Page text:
Scrubs is fucking funny. Buy and watch every season or you'll be forcibly inducted into Pillow Fight Club.
In the family of television, Scrubs is your bipolar cousin that everyone walks on eggshells around. Scrubs can't decide whether it wants to make you laugh or cry big, manly tears (made of scotch), but in the end, a voice over by Zach Braff to last year's indie rock leaves a lesson that sticks with you, though when the lesson is "don't piss off the Janitor" we don't need reminding. Scrubs has remained popular through the years due to its unique brand of comedy, a talented cast, and some dirty thieving tricks( see: 5 Cheap Tricks TV Shows Use to Keep You Watching)
John "J.D" Dorian
The main character of the show, J.D is the everyman medical intern who, with his best friend surgical intern Chris Turk, survive the rough and tumble world of medicine at Sacred Heart. J.D also has struck up an on-and-off relationship with medical intern(later attending) Elliot Reid, and while frequent break-ups and make-ups over the seasons have left them "just friends", many see their new relationship as something more. J.D also has a rocky relationship with his attending physician Dr. Perry Cox, with Cox constantly belittling him and calling him girl's names and going so far as to say "we're not friends" whenever J.D brings up their relationship.
J.D is played by Zach Braff, who's err... tendencies are well documented on Cracked. We here at Cracked appreciate Scrubs and it's comedic tastes (see: Scrubs Family Feud on Cracked), but Braff has an unfortunate case of giant ego-itis. You see, a successful show with a loyal fanbase isn't enough for Braff, who wants to make it big time as an director and writer( See: The Top 5 Worst Lines of Dialogue (From Movies That Don't Actually Suck) ). Unfortunately, these experiments into fame and glory generally don't work out too well(See: 5 Movies Hollywood Needs to Stop Making Now). Braff's shortcomings aside, J.D does well as a main character we can identify with and as a source of humor for the other characters.
Above: Not Funny.
Chris Turk is J.D's wisecracking black best friend, now an attending surgeon. The pair met in college as freshman roommates, went to medical school and now work together. No matter the situation or concern, Turk always has J.D's back, to the point that his eventual wife Carla has nightmares of them running off to Aspen together. J.D and Turk finally come to grips with their quasi-gay status in a ballad aptly named "Guy Love" which made our pants feel funny in a way that hasn't happened since our cabin mate from Camp Warmingwood wanted to be "Blanket Buddies" for the summer. Turk is usually the straight man in his relationship with J,D, in every sense of the word. Many people comment on the fact that having a black best friend makes J,D cooler. Turk says he "should be offended, but he's right."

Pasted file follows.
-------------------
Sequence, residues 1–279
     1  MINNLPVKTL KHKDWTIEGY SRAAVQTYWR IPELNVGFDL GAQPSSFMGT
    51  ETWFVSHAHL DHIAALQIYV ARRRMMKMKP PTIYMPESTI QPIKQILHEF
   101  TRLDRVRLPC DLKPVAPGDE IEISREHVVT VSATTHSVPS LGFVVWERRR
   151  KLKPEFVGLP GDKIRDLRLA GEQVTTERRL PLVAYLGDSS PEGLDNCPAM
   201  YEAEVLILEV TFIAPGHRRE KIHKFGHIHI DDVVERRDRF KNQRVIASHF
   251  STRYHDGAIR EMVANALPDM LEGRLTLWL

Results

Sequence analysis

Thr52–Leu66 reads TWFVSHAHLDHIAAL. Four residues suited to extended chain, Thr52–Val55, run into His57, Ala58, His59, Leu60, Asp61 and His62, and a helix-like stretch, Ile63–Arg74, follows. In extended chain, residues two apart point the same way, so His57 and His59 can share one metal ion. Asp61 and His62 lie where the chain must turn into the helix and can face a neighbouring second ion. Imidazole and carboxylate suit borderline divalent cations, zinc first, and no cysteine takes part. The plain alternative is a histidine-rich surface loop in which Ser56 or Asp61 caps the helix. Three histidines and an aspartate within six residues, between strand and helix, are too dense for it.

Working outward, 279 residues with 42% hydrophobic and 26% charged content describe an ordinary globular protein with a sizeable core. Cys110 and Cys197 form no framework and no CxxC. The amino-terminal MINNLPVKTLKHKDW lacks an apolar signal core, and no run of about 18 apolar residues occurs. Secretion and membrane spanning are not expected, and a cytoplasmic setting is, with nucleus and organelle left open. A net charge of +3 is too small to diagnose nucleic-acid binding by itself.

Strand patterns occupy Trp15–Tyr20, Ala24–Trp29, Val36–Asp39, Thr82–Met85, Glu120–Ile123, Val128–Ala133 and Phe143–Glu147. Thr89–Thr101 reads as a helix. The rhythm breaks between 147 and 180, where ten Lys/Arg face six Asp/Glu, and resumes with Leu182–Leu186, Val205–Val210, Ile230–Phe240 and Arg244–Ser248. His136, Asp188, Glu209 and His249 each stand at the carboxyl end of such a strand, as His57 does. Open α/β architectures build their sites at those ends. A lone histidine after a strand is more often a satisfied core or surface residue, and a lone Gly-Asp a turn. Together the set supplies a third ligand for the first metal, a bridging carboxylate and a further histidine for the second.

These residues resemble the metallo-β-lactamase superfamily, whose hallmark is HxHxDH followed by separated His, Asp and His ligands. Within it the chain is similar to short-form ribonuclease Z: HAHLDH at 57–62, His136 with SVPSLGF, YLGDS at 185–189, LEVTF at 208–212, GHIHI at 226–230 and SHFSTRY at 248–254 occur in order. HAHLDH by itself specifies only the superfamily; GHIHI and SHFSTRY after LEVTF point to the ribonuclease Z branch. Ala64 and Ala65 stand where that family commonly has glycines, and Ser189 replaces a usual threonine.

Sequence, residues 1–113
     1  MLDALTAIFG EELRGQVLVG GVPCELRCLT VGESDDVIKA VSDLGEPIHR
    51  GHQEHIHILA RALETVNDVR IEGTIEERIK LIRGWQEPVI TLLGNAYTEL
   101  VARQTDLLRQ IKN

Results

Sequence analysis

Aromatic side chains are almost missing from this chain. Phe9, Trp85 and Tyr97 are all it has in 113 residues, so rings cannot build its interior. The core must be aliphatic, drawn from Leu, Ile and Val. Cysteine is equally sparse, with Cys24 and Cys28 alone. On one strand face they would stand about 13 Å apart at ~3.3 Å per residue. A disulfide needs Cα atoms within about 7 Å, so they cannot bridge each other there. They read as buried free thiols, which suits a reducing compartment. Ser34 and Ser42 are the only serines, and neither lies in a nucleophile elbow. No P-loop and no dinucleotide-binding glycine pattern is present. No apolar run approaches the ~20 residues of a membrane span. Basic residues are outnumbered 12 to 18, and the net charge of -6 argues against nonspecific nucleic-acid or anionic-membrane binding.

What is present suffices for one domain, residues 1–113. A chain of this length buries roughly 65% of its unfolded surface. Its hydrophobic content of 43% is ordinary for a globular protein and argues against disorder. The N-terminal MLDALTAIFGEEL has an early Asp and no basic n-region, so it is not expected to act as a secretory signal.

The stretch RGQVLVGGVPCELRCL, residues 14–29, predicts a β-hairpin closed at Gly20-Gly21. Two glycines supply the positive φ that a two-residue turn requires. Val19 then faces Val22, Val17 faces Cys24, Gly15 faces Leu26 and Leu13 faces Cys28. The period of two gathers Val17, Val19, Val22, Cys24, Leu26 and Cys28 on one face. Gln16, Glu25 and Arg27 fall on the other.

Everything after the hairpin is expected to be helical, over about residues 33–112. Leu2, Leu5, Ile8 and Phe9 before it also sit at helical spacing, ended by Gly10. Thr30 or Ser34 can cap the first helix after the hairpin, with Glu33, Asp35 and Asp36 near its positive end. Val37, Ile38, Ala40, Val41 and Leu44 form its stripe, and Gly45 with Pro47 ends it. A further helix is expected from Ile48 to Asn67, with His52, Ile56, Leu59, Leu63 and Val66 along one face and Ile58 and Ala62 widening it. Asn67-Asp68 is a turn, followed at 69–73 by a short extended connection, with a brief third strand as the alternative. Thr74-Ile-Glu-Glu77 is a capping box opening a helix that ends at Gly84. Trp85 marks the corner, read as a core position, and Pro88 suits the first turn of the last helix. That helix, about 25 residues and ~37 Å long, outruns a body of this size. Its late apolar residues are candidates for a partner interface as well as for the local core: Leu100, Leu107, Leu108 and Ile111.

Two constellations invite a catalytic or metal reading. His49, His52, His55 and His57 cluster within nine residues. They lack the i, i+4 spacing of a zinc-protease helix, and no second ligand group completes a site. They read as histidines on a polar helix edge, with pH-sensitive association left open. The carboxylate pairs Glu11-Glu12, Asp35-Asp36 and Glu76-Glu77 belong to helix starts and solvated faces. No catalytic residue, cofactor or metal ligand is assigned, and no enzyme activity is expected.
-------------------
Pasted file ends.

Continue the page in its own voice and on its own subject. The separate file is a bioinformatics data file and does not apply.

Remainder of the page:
Dr. Percival Ulysses Cox is the former senior attending physician, current Chief of Medicine, at Sacred Heart. Cox is basically a walking example of what every Cracked writer is like. Smart? Check. Egotistical? Check. Ripped? Check. A drinking problem and an outrageously hot ex-wife for a booty call? Check and check.
Now the resemblances are getting creepy.
He has the respect of most everyone in Sacred Heart, although he is often at odds with the hospital Chief of Medicine, Bob Kelso, over ethical disagreements. J.D sees Cox as his father figure and mentor, while Cox claims that hearing J.D speak makes a high-pitched klaxon sound go of in his head, much like an alarm goes off in our heads if the speaking party is not A) Rich, or B) Female. Cox has two children with his ex-wife, a son and a daughter, who may be the only people on Earth that Cox does not treat with contempt and/or scorn. Dr. Cox has been announced to be one of the main characters in the upcoming ninth season of Scrubs. Uhh...we're gonna need another pair of jeans.